Kawakawa

~ Kawakawa ~ (Macropiper excelsum) has long held a sacred place in Māori traditional medicine (Rongoā). The leaves, bark, and berries of this evergreen shrub are used to address a diverse range of health concerns including to treat wounds, skin ailments, and digestive issues, showcasing the depth of its healing capabilities.
 
Kawakawa is abundant in vitamins A, C, and E, as well as essential minerals including zinc, iron, calcium, magnesium, niacin, copper, manganese, and potassium.
 
One of the standout features of Kawakawa lies in its prowess as a skin healer. The plant is rich in compounds such as thymol, carvacrol, and limonene, which exhibit potent anti-inflammatory, anti-fungal, and anti-bacterial properties. Kawakawa-based balms have proven effective in alleviating conditions such as eczema, skin rashes, boils, sores, and fungal infections. The application of Kawakawa extends to insect bites, burns, and even sunburns. You’ll find my Kawakawa balm on my website under ‘Botanical Skincare’, infused with fresh Kawakawa from my homegrown garden.
 
Kawakawa's natural analgesic properties make it a valuable ally for pain relief. Its traditional use for ailments like rheumatism, arthritis, and neuralgia is rooted in its ability to reduce inflammation and soothe discomfort. The presence of myristicin, a compound related to eugenol, imparts mild antiseptic properties, contributing to its efficacy in dental pain relief. Simply chew Kawakawa leaves or stems to feel the numbing sensation on your inflammed gums.
 
Kawakawa's leaves and berries can be used for internal healing. Infusions and teas made from Kawakawa leaves can be taken to address digestive issues, providing relief from stomach ailments and bladder problems. The plant's diuretic properties make its fruits a natural choice for promoting healthy kidney function. My favorite way to use Kawakawa is in a simple herbal tea, which has a unique flavor.
 
Kawakawa's also acts as a mild insect repellent. The practice of burning dried Kawakawa leaves, reminiscent of sage smudging sticks, has been a traditional method for creating a natural insect deterrent. When in the bush and the bugs start biting, simply mash up some fresh Kawakawa leaves and rub all over your skin to deter insects.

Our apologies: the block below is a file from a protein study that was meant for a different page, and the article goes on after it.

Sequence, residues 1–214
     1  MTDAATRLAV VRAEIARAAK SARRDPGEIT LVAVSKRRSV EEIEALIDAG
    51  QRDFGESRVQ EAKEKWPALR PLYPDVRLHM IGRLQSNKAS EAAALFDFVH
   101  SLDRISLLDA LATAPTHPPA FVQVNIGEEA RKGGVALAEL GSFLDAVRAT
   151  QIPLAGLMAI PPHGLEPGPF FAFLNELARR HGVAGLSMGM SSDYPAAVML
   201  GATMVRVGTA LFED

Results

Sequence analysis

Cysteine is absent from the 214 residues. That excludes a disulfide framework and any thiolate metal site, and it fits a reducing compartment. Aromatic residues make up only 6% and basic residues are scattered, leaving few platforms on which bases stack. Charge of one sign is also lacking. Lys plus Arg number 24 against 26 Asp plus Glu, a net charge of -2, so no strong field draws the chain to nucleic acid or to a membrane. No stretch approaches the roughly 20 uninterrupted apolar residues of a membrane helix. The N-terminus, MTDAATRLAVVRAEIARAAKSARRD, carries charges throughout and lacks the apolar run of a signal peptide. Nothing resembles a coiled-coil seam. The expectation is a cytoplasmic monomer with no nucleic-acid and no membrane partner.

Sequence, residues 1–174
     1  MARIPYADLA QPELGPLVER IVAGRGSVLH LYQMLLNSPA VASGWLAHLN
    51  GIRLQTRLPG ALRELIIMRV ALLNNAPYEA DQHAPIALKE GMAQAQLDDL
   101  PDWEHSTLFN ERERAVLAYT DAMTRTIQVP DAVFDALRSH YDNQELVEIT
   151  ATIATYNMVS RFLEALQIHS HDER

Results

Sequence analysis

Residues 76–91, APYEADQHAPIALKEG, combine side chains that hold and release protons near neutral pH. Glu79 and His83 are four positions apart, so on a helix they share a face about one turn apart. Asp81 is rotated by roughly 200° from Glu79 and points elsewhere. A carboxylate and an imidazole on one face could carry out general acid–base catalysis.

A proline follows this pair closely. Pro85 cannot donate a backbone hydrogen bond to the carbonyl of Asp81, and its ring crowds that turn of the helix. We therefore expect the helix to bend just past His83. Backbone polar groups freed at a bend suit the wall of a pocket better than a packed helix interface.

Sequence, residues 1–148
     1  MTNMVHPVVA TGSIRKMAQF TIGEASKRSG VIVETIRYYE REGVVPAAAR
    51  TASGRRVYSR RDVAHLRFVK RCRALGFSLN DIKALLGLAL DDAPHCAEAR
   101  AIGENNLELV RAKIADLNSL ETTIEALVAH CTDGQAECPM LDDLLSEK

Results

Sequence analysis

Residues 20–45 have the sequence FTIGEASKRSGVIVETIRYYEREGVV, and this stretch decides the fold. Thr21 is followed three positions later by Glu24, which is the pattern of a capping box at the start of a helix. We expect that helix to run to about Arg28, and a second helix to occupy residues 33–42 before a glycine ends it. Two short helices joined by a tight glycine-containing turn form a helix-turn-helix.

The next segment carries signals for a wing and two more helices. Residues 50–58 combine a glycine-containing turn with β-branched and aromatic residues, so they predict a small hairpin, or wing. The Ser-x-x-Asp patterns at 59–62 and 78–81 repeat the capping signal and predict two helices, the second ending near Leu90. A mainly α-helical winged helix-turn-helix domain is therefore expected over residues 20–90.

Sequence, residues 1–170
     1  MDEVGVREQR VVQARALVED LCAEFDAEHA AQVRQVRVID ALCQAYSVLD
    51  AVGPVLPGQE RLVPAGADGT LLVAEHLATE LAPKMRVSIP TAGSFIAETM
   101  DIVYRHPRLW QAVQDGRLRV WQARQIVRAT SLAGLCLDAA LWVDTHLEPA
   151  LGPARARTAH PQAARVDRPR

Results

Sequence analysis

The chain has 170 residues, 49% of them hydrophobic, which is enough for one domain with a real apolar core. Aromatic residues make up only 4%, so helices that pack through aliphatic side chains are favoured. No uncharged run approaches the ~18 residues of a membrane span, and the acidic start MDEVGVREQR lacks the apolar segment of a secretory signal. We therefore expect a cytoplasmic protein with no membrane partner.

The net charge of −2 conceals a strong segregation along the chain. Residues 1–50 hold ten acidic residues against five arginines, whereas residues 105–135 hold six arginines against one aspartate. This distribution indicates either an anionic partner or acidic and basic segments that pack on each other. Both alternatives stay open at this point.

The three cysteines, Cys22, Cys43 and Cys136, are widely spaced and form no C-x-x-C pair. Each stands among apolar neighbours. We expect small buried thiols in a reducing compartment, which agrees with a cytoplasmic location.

Everyone will tell you to gather the holey Kawakawa leaves. It’s the native looper caterpillar moth that comes out at night time to feast on the leaves. Some say the caterpillar knows best & only eats the leaves with the most potent medicine. Others say that the plant in retaliation and to heal itself sends all it’s healing properties to the chewed on leaves. However I like the story that my Rongoā teacher Donna Kerridge shared with me. That is that all of the beings in the forest are our Tipuna (ancestors), (this includes the caterpillar), and so to respect our ancestors that have come before us we allow our tipuna to first feast and nourish themselves, before we collect & gather our Rongoā. Therefore we choose the leaves that the caterpilla has already feasted from. This is my favorite story as to why we collect the holey leaves.
 
If you’d like to learn more about NZ Native plants there are many wonderful Rongoā practitioners in New Zealand who are able to thoroughly teach the appropriate tikanga involved in preparing effective Rongoā. This is a really important part of the process and not to be underestimated.
 
P.s Kawakawa is covered in depth in my online foraging course which is currently on offer with $100off, sign up now:
https://www.homegrownbotanica.co.nz/collections/online-foraging-course